Quentin: Jake, I think you should start us off today.
Jake: Okay. We went to see The Wolverine last night.
Jason: There weren’t very many people there.
Quentin: Never a good sign.
Jake: Afterward, in the car, I came up with this idea that kind of grew out of my frustration with the movie.
Quentin: Which was?
Jake: Not enough Wolverine. I know that sounds crazy, because it’s called The Wolverine and the character is in almost every frame. But it’s not crazy, is it?
Quentin: No. I was thinking the same thing. I just didn’t know how to articulate it.
Jason: Which has to be a first.
Quentin: Shut up.
Jake: There is a movie inside this movie that I really liked. The action picks up after the end of X-Men: The Last Stand. In case you don’t remember what happened, Logan had to kill Jean Grey, who was Phoenix at the time, and he’s haunted by that.
Jason: As anyone who had to kill the great love of their life would be.
Jake: So Logan is in a dark place.
Quentin: And the movie is about his journey back from that.
Jason: He is experiencing a crisis of meaning.
Jake: And purpose.
Quentin: Plus, since he’s immortal, he has that whole vampire dilemma going on. If he’s broken and defeated, then he’s got nothing but an eternity of misery to look forward to.
Jake: It’s a story that should work, because it’s worked a thousand times before.
Jason: So what went wrong?
Quentin: Please explain.
Jake: The story of Logan’s crisis is in the movie, but it’s surrounded by so much noise that it gets buried.
Jason: So what was your idea?
Jake: They should have stepped away from the action genre and made this a character drama.
Quentin: It sounds like blasphemy when you say it out loud.
Jake: Look, the first X-Men was in 2000. This is the sixth installment of the franchise, which means we average six X-Men movies every thirteen years. If you calculate that out into the future, assuming a life expectancy of 75 years, we will have seen 33.69 X-Men films before we die.
Quentin: Did you make that up?
Jake: I swear I didn’t. Here’s my point: do all 33.69 of those have to be action movies? This is a character story that should have been told in a quiet, introspective way. It should have stepped away from the genre. It would have been revolutionary. Instead, what we got was a mediocre popcorn flick and a missed opportunity.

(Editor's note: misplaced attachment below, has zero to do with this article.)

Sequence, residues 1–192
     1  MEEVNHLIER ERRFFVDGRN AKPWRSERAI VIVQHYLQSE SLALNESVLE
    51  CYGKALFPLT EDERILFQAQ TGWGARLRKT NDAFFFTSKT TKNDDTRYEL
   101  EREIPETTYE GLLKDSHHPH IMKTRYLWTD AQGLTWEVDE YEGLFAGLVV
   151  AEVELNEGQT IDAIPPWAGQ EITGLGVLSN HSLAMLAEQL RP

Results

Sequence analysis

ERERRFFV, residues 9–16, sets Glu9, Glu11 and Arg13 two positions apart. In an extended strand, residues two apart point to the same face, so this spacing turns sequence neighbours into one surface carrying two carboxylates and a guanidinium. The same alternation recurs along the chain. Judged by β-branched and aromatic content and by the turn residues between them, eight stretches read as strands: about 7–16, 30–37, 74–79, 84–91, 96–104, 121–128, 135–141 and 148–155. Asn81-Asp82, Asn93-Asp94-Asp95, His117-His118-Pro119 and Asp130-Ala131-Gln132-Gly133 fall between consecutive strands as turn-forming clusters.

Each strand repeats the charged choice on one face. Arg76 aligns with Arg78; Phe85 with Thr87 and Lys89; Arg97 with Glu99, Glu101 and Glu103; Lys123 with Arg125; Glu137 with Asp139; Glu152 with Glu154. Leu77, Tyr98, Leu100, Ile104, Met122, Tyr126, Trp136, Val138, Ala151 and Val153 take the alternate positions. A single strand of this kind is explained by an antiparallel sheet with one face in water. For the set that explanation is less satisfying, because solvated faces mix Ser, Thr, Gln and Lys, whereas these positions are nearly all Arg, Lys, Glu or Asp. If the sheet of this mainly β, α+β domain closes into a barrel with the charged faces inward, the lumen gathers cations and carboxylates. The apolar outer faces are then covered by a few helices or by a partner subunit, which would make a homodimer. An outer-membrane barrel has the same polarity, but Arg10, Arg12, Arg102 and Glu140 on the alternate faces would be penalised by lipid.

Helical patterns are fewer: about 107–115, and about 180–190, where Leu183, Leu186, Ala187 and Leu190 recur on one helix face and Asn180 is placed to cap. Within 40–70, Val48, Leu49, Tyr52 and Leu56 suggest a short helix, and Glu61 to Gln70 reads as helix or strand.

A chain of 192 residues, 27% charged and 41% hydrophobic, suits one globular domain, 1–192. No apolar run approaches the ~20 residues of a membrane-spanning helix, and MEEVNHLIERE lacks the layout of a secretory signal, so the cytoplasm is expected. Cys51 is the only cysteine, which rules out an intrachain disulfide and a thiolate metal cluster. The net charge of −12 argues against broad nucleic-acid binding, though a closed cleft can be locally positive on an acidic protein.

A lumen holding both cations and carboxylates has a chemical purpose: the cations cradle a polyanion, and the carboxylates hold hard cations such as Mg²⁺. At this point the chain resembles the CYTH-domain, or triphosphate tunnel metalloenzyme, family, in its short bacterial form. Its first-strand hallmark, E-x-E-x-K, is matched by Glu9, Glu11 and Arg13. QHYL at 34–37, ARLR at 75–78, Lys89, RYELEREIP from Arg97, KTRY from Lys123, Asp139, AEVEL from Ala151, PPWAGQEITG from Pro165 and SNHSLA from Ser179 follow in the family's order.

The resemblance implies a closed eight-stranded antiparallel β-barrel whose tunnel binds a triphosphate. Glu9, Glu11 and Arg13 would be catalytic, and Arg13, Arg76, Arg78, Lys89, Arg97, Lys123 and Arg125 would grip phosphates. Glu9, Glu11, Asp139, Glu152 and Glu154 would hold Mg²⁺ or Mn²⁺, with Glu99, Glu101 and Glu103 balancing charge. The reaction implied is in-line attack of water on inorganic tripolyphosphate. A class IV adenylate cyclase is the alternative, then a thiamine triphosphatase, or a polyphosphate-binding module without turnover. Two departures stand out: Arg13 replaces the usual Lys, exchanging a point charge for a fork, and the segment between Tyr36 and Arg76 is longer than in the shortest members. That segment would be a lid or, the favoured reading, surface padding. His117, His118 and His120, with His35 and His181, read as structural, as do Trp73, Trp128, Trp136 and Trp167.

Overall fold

Quentin: Keep it for the future, dude.
Jason: Totally. In ten years when you’re the wunderkind of Hollywood and helming your own comic book franchise, you should do it.
Quentin: It’s a great idea. It would have sparked a massive conversation about what comic book movies are supposed to look like. I did like Jackman, though, which surprised me.
Jake: The role fits him like a glove at this point. And they certainly found lots of reasons for him to take his shirt off. Unfortunately, there was no other character I gave a shit about.
Jason: That was a huge problem: an appalling lack of other X-Men.
Quentin: There were other mutants.
Jason: But they didn’t have cool powers. This was clearly a bridge movie between The Last Stand and Days of Future Past.
Quentin: Speaking of which…
Jake: Please, for the love of God, don’t walk out once the credits start to roll.
Jason: The best scene pops up halfway through the credits.
Quentin: That’s when I realized what a disappointment the movie had been. I was so excited about that scene. I felt like it was the beginning of the movie I wanted to see.
Jake: I would say pass on this until you can stream it at home.
Jason: Then watch it with The Last Stand next May before Days of Future Past comes out.
Quentin: Are the expectations high for this?
Jake: Anything less than a $75 million opening weekend will be seen as a disappointment. And with four flops in the last four weeks, Hollywood could use the good news.
Quentin: We wish it well. It’s not a bad movie…
Jason: It’s just not an X-Men main course.
Jake: It’s an appetizer.
Quentin: I’m sure Jackman will be thrilled you called his movie an X-Men salad.
Jake: He who tosses it, eats it.